of a supply line contributes also to a voltage drop. For example, when a transistor is switching to high,
it takes a current to charge up the output load. This time varying current (for a short period of time)
causes an opposite self-induced electromotive force. The amplitude of the voltage drop is given by
.V=L*dI/dt, where L is the self inductance and I is the current through the line.

Operating Temperature Variation [14]


Temperature variation is unavoidable in the everyday operation of a design. Effects on performance
caused by temperature fluctuations are most often handled as linear scaling effects, but some submicron
silicon processes require nonlinear calculations.
When a chip is operating, the temperature can vary throughout the chip. This is due to the power
dissipation in the MOS-transistors. The power consumption is mainly due to switching, short-circuit
and leakage power consumption. The average switching power dissipation (approximately given by
Paverage = Cload*Vpower supply 2*fclock) is due to the required energy to charge up the parasitic and
load capacitances. The short-circuit power dissipation is due to the finite rise and fall times. The nMOS
and pMOS transistors may conduct for a short time during switching, forming a direct current from the
power supply to the ground. The leakage power consumption is due to the nonzero reverse leakage and
sub-threshold currents. The biggest contribution to the power consumption is the switching. The
dissipated power will increase the surrounding temperature. The electron and hole mobility depend on
the temperature. The mobility (in Si) decreases with increased temperature for temperatures above 50
C. The temperature, when the mobility starts to decrease, depends on the doping concentration. A
starting temperature at 50 C is true for doping concentrations below 1019 atoms/cm3. For higher
doping concentrations, the starting temperature is higher. When the electrons and holes move slower,
then the propagation delay increases. Hence, the propagation delay increases with increased
temperature. There is also a temperature effect, which has not been considered. The threshold voltage
of a transistor depends on the temperature. A higher temperature will decrease the threshold voltage. A
lower threshold voltage means a higher current and therefore a better delay performance. This effect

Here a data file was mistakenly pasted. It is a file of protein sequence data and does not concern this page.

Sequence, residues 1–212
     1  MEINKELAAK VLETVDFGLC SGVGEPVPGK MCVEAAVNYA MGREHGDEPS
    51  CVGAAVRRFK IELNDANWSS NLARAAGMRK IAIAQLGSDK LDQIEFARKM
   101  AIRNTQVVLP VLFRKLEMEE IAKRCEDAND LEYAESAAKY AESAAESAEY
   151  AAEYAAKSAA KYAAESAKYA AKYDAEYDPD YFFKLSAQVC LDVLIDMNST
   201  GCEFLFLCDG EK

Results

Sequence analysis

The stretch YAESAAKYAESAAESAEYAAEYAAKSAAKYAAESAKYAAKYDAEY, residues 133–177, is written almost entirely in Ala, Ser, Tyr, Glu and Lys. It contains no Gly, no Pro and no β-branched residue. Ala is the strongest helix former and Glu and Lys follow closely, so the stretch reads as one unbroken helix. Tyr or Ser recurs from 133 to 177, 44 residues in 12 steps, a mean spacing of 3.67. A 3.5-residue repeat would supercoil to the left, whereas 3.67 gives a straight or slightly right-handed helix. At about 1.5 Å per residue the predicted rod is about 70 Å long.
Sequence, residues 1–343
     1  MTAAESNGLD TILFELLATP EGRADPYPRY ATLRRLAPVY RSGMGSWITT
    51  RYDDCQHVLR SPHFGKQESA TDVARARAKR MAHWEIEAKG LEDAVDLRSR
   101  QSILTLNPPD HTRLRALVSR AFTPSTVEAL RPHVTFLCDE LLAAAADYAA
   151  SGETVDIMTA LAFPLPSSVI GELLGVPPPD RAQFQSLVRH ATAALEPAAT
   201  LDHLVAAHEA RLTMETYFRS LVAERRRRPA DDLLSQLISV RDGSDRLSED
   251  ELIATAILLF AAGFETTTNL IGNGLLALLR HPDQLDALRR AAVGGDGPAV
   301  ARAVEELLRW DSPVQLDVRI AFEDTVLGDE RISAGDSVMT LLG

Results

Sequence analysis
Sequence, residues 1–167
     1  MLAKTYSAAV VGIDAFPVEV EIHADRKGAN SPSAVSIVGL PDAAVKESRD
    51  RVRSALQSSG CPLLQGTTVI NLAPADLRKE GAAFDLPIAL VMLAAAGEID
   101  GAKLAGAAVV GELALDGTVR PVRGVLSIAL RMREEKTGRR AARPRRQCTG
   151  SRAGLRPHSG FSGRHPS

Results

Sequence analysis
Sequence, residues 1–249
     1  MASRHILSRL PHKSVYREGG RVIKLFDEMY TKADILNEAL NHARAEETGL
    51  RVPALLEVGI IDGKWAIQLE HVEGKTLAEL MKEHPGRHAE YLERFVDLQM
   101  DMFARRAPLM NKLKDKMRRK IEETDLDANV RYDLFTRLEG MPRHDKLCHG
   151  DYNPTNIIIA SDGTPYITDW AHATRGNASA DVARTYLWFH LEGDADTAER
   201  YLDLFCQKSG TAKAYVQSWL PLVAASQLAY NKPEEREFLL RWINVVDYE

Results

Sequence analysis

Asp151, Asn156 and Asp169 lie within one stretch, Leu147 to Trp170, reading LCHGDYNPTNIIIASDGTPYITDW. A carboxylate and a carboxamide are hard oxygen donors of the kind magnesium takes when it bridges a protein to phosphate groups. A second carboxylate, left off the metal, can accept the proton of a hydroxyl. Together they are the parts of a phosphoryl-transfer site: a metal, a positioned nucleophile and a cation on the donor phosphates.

depends extremely on power supply, threshold voltage, load and input slope of a cell. There is a
competition between the two effects and generally the mobility effect wins.
The following figure shows the PVT operating conditions.

The best and worst design corners are defined as follows:


Best case: fast process, highest voltage and lowest temperature
Worst case: slow process, lowest voltage and highest temperature

On Chip Variation
On-chip variation is minor differences on different parts of the chip within one operating condition.
On-Chip variation (OCV) delays vary across a single die due to:
Variations in the manufacturing process (P)
Variations in the voltage (due to IR drop)
Variations in the temperature (due to local hot spots etc)
This need is to be modeled by scaling the coefficients. Delays have uncertainty due to the variation of
Process (P), Voltage (V), and Temperature (T) across large dies. On-Chip variation allows you to
account for the delay variations due to PVT changes across the die, providing more accurate delay
estimates.

Timing Analysis With On-Chip Variation


For cell delays, the on-chip variation is between 5 percent above and 10 percent below the SDF
back-annotated values.
For net delays, the on-chip variation is between 2 percent above and 4 percent below the SDF
back-annotated values.
For cell timing checks, the on-chip variation is 10 percent above the SDF values for setup
checks and 20 percent below the SDF values for hold checks.

In Prime Time, OCV derations are implemented using the following commands:
pt_shell> read_sdf -analysis_type on_chip_variation my_design.sdf
pt_shell> set_timing_derate -cell_delay -min 0.90 -max 1.05
pt_shell> set_timing_derate -net -min 0.96 -max 1.02
pt_shell> set_timing_derate -cell_check -min 0.80 -max 1.10

In the traditional deterministic STA (DSTA), process variation is modeled by running the analysis
multiple times, each at a different process condition. For each process condition, a so-called corner file
is created that specifies the delay of the gates at that process condition. By analyzing a sufficient
number of process conditions, the delay of the circuit under process variation can be bounded.
The uncertainty in the timing estimate of a design can be classified into three main categories.
Modeling and analysis errors: Inaccuracy in device models, in the extraction and reduction of
interconnect parasitics and in the timing analysis algorithms.
Manufacturing variations: Uncertainty in the parameters of a fabricated devices and
interconnects from die-to-die and within a particular die.
Operating context variations: Uncertainty in the operating environment of a particular device
during its lifetime, such as temperature, supply voltage, mode of operation and lifetime
wear-out.
For instance, the STA tool might utilize a conservative delay noise algorithm resulting in certain paths
operating faster than expected. Environmental uncertainty and uncertainty due to modeling and
analysis errors are typically modeled using worst-case margins, whereas uncertainty in process is
generally treated statistically.